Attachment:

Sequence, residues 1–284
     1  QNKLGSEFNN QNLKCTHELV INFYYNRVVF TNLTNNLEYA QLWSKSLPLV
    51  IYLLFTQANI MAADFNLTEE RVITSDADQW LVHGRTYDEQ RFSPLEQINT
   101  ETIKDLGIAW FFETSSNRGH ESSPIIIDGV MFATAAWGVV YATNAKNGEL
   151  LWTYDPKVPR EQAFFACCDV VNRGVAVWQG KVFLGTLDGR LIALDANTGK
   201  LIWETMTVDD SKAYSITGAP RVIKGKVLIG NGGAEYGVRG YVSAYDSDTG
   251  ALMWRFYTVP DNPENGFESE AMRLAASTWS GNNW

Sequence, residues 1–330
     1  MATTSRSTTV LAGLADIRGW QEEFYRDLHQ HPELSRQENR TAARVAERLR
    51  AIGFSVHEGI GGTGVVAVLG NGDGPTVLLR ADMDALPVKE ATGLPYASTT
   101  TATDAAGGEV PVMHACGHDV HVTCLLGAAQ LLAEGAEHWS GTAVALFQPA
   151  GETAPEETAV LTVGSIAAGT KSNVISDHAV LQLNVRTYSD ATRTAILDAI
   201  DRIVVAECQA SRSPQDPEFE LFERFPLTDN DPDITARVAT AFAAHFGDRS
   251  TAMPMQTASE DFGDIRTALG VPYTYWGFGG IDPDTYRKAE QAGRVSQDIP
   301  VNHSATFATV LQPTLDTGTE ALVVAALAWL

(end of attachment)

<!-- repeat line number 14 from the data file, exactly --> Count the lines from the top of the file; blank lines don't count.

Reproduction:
   251  TAMPMQTASE DFGDIRTALG VPYTYWGFGG IDPDTYRKAE QAGRVSQDIP